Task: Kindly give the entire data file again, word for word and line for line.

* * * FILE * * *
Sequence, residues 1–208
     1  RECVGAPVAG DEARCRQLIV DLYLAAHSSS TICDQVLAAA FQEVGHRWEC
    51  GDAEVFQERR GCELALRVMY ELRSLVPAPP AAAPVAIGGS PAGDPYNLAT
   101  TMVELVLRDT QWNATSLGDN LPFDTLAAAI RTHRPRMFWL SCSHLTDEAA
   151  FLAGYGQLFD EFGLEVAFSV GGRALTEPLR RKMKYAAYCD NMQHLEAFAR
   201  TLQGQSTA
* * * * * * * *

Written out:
Sequence, residues 1–208
     1  RECVGAPVAG DEARCRQLIV DLYLAAHSSS TICDQVLAAA FQEVGHRWEC
    51  GDAEVFQERR GCELALRVMY ELRSLVPAPP AAAPVAIGGS PAGDPYNLAT
   101  TMVELVLRDT QWNATSLGDN LPFDTLAAAI RTHRPRMFWL SCSHLTDEAA
   151  FLAGYGQLFD EFGLEVAFSV GGRALTEPLR RKMKYAAYCD NMQHLEAFAR
   201  TLQGQSTA